Burnside’s Hidden Creek

6 May

Dear Reader: 

The wattle bird seems to be totally absorbed and indifferent to my presence as it feeds on the tiny white lerps that dot the leaves of a creek-side eucalyptus tree. Usually these large members of the honeyeater group are quite nervous and hard to approach. This one, however, is determined to provide me with a ringside display of its acrobatic ability as it hangs upside down and hops from branch to flimsy branch in pursuit of its lunch. The tiny white lerps look like an arborial version of measles. In fact they are the early stage of a parasitic bug called a psyllid, an introduced insect pest that sucks the ‘juice’ from the trees.

A wattle bird pecks tiny insects from the leaves of a blue gum near the river bank

A wattle bird pecks tiny insects from the leaves of a blue gum near the river bank.

 

I am walking along the banks of second creek in the Michael Perry Botanical Reserve. This charming little park is easily accessed from a small lane called Andrew’s Walk at the southern end of Hallet Road, in the hills face suburb of Burnside. The shady banks, trickling stream and little ponds have a European flavour to them affording a cool retreat in the drier summer months. Before setting off on my short walk to investigate the creek’s wildlife I made a couple of crucial stops to provision my pack for a bite to eat on the river bank. At the nearby Stoneyfell Winery I found a fine bottle of white while ‘Taylor Blend’, a fashionable little eastern suburbs coffee shop on Hallett Road, provided a wide selection of gourmet paninis and local beesting cake. When one has to sit by a river bank for an hour or so to wait for the wildlife it might as well be done in style.

The brook cascades over a small ford made from slate and sandstone rocks

The brook cascades over a small ford made from slate and sandstone rocks

 

Leaving the wattle birds to finish their meal I work my way along the creek, pausing frequently to try and catch sight of the small birds that I can hear chirping and rustling deep in the cover of the reed beds. Without warning a grey faced heron explodes from the tangle of branches a couple of metres in front of me. The birds wheels in flight and settles on a branch high in a nearby pine tree where it can keep a sharp eye on its human intruder. As I point the camera at the perching water bird I catch site of a pair of Kookaburras in a huge eucalypt further up the opposite embankment. Two predatory birds; now it’s time to take a look for the prey animals that sustain them.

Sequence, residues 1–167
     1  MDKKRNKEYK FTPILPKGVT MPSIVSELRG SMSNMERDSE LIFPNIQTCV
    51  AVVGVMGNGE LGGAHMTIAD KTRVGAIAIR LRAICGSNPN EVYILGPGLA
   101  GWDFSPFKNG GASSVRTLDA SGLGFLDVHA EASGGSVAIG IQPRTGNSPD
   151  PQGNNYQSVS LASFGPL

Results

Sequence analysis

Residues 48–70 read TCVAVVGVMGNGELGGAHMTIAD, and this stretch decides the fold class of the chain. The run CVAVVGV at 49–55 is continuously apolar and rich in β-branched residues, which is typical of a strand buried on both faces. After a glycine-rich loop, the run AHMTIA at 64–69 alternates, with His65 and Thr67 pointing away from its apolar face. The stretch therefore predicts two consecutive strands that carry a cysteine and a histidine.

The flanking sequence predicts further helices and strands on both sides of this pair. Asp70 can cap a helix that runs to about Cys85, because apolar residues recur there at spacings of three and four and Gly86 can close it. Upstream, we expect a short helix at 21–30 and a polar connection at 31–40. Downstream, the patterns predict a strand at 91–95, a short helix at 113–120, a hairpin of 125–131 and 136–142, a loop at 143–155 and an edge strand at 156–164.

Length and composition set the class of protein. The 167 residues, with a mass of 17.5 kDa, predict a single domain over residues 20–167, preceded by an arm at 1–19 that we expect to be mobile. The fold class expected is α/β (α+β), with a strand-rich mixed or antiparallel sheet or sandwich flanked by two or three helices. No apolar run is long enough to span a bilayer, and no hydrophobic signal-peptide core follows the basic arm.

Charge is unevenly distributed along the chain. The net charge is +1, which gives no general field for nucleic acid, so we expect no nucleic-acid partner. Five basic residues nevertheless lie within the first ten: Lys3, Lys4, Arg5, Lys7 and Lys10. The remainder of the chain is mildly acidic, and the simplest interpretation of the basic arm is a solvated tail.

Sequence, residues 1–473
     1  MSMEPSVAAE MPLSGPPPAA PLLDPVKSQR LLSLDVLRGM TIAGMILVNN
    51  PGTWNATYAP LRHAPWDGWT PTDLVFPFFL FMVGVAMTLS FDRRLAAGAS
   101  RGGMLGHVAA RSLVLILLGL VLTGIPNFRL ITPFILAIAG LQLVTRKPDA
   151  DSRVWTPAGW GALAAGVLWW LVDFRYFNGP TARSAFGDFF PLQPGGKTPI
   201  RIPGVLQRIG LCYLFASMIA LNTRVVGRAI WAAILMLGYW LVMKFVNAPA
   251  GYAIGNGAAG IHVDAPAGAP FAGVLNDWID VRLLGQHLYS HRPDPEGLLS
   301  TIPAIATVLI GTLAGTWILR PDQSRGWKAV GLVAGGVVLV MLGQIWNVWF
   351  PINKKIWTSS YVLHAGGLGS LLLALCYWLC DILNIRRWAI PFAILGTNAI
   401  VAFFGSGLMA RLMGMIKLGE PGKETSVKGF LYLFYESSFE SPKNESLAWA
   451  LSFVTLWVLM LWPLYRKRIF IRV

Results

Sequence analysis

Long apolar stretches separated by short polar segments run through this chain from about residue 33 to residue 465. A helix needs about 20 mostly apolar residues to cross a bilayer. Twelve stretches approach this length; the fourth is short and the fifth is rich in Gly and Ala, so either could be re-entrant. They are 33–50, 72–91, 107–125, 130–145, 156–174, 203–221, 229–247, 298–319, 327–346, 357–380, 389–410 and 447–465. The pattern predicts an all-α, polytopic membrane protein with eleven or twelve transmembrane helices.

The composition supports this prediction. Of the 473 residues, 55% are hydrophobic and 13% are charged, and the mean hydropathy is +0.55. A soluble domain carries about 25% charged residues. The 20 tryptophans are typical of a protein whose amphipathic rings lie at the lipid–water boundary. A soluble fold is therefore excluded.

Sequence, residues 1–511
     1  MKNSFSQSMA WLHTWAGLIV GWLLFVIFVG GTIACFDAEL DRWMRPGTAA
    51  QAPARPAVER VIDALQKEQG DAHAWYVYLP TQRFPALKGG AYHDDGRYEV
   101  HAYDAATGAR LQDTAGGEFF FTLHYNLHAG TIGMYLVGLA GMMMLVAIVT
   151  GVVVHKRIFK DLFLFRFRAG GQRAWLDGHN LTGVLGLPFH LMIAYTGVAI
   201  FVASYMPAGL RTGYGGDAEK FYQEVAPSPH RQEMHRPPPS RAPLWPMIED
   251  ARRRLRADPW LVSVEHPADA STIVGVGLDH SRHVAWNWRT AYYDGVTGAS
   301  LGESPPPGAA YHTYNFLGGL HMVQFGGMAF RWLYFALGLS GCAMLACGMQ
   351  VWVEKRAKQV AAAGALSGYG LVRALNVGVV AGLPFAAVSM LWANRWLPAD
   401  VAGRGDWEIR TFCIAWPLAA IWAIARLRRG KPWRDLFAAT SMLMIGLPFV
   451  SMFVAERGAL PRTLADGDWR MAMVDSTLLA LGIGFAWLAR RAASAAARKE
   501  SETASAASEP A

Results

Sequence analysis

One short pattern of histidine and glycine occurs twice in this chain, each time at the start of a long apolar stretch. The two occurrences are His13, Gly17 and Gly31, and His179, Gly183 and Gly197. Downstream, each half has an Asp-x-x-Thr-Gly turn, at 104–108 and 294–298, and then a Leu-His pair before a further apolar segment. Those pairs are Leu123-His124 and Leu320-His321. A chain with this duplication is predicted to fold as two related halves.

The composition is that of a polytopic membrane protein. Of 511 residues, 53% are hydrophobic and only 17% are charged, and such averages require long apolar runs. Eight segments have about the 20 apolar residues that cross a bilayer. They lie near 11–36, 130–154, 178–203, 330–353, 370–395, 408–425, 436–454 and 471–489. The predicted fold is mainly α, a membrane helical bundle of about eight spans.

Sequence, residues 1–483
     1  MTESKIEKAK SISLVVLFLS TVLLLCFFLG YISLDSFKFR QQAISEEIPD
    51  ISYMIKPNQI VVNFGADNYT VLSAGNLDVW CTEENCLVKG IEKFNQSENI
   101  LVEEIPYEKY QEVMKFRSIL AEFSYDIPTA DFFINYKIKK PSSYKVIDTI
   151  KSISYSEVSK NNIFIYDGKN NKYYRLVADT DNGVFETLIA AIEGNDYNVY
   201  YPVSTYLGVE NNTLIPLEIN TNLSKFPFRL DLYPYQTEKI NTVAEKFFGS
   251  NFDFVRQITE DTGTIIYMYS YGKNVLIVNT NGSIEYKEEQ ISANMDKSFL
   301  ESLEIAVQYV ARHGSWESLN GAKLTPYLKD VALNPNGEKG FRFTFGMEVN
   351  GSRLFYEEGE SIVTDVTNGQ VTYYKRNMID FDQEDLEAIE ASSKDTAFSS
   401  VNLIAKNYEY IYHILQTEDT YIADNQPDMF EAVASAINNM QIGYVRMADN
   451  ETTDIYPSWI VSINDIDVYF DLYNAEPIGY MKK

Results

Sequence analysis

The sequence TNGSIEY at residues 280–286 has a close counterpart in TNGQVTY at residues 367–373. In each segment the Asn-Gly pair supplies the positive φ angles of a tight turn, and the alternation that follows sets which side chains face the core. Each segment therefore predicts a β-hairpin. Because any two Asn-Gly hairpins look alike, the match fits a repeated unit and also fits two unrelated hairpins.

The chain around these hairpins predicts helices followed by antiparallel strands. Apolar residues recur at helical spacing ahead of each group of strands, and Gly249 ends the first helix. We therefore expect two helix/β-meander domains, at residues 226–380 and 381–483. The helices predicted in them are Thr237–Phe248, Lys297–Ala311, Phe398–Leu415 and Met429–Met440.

A white faced heron watches the creek from its vantage point in a pine tree

A white faced heron watches the creek from its vantage point in a pine tree

 

The first interesting small animal that I notice is a water skink which is sunning itself on a log. Being mid autumn I am surprised to see a reptile as most would now be ‘dug in’ for the winter months ahead. As I sit quietly and prepare to watch the lizard, a green eyed dragonfly lands on a boulder in the middle of the creek. And, where the water has formed a small clear pool I can see tiny fish or tadpoles swimming close the reeds and water striders skating across the surface: like my lunch, a gourmet larder for a range of feathered predators.

A water skink basking on a log amongst the reeds

A water skink basking on a log amongst the reeds

A dragonfly pauses for a moment on a warm rock in the creek

A dragonfly pauses for a moment on a warm rock in the creek

 

A fence marks the end of the reserve and I cross the creek to return on the northern bank. The tiny reed birds still elude me but in a shady stretch of water a single black duck is swimming against the current as it dabbles for food. A common enough species in southern Australia but the light is particularly good and on reviewing the shot it seems to encapsulate the mood of this lovely little waterway.

Black duck are common along the waterway

Black duck are common along the waterway

 

Until the next time

Baz

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